No federal criminal civil rights or local charges will be filed against Capitol Police and Secret Service officers who were involved in a fatal shooting just blocks from the Capitol, the U.S. Attorney's Office for the District of Columbia announced Thursday.
After a review that included interviews of more than 60 witnesses, detailed examination of all crime scene evidence, ballistics reports, videos and photos of the events that unfolded on Oct. 3 between 2:13 p.m. and 2:20 p.m. — plus a review of the autopsy report for Miriam Carey — officials concluded that no criminal prosecutions would follow.
"After a thorough review of all the evidence, the U.S. Attorney’s Office concluded that the evidence was insufficient to prove beyond a reasonable doubt that the officers who were involved in the shooting used excessive force or possessed the requisite criminal intent at the time of the events," the office said in a statement released Thursday afternoon.
The report came as "no surprise" to Eric Sanders, an attorney representing the Carey family in a civil suit against the Capitol Police and the Uniformed Division of the U.S. Secret Service.
Following a chat with Justice Department officials, Sanders told CQ Roll Call he intends to proceed with the wrongful death claim filed on behalf of the woman's sister, Valarie Carey, seeking $75 million to compensate the family for its loss.
"They're not saying it was justified," said Sanders, who had called for immediate identification and termination of all officers, supervisors, managers and other related employees involved in the shooting.
The report from U.S. Attorney Ronald C. Machen Jr.'s office emphasized that under the applicable federal criminal civil rights laws, prosecutors must establish beyond a reasonable doubt not only that an officer’s use of force was excessive, but also that the officer willfully deprived an individual of a constitutional right.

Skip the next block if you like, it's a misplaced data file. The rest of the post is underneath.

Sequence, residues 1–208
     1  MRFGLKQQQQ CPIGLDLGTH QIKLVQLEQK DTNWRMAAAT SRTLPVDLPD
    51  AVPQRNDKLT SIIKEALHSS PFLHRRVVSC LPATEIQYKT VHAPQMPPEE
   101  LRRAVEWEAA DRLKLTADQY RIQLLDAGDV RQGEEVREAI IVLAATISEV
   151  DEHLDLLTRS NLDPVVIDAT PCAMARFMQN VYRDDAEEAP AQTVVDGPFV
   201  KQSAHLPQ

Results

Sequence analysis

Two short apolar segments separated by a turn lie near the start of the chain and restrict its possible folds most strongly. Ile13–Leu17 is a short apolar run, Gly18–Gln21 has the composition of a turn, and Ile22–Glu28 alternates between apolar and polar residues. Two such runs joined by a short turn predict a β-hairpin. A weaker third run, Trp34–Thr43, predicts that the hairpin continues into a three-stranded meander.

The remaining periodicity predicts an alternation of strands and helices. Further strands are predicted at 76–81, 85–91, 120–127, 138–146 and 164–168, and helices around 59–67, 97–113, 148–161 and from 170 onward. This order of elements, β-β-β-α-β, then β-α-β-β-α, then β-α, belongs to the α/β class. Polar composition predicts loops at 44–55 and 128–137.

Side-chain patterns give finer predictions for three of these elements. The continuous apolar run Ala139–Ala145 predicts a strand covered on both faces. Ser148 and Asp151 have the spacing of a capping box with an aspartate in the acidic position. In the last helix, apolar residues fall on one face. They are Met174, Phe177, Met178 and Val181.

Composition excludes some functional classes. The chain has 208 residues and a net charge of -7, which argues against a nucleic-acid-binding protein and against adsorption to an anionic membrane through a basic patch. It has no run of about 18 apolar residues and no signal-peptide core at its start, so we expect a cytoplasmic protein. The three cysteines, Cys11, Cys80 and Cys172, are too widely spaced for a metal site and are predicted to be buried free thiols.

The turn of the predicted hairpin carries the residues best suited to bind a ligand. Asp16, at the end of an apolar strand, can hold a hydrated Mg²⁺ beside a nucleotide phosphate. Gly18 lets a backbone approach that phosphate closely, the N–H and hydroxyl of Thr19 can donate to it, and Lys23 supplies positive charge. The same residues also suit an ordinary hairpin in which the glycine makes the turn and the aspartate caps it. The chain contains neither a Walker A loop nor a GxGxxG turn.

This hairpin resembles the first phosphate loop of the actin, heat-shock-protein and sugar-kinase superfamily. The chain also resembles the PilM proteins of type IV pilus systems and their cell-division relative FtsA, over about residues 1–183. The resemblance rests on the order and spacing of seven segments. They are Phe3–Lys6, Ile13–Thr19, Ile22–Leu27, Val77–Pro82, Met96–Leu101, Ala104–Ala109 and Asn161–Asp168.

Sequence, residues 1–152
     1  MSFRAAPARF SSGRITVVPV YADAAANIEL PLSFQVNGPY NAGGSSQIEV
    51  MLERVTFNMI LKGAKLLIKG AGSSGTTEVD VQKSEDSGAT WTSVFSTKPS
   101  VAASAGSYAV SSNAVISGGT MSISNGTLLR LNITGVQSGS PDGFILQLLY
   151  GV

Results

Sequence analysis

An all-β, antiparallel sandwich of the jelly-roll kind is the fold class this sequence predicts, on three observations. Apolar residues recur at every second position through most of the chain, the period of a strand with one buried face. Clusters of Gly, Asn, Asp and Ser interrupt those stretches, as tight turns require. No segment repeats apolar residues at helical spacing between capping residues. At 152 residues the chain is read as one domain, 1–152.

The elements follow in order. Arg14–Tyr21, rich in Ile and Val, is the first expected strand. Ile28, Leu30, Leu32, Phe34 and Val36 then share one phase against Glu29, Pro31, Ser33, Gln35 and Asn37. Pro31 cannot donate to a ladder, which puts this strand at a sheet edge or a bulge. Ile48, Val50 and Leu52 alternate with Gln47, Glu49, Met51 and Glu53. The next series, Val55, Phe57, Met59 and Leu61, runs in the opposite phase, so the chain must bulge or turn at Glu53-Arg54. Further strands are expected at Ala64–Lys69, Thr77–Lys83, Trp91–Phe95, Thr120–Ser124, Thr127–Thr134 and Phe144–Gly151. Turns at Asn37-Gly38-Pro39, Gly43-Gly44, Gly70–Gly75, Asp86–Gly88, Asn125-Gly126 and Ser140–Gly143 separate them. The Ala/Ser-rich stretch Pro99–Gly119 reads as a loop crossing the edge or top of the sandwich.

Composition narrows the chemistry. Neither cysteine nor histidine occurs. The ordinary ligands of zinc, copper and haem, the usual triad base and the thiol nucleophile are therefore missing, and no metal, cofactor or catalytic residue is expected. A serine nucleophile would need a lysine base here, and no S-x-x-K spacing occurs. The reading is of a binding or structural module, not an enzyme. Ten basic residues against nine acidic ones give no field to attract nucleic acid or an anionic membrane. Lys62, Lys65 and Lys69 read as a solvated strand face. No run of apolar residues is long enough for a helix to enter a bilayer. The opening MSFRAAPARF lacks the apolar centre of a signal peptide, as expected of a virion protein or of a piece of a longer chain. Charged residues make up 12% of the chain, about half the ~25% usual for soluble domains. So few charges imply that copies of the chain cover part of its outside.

"Proving 'willfulness' is a heavy burden, and means that it must be proven that the officer acted with the deliberate and specific intent to do something the law forbids," the statement read. "Accident, mistake, fear, negligence and bad judgment do not establish such a criminal violation."
Members of Congress have shown little appetite for proceeding with an investigation into the death of the 34-year-old dental hygienist who was shot outside the Capitol after a fast and furious car chase from the White House.
Appropriators on the House panel that determines Capitol Police funding grilled Capitol Police Chief Kim C. Dine about the circumstances surround the shooting during a March hearing. At the time, Dine said he could not go into details on the criminal aspect of the officers’ actions, as the incident was still under investigation.
Capitol Police did not immediately respond to questions about the Carey case or the report Thursday afternoon.
The release included a play-by-play of Carey's confrontations with officers at three locations – once at the White House and twice near the Capitol — during the confusing, seven-minute episode that put Capitol Hill on lockdown :
At 2:13 p.m., Ms. Carey, 34, of Stamford, Conn., drove into a well-marked, restricted White House checkpoint at 15th and E Streets NW, without authorization and without stopping. After seeing Ms. Carey refuse to stop at the direction of two uniformed Secret Service officers, an off-duty U.S. Secret Service officer placed a metal bike rack in her path to block Ms. Carey’s exit. Ms. Carey then struck the bike rack, and the off-duty Secret Service officer who was standing behind it, knocking both the bike rack and the officer onto the ground. The incident at the White House checkpoint lasted about 30 seconds.
Ms. Carey then drove down Pennsylvania Avenue at speeds estimated at 40-80 mph, while weaving through traffic, and ignoring red lights.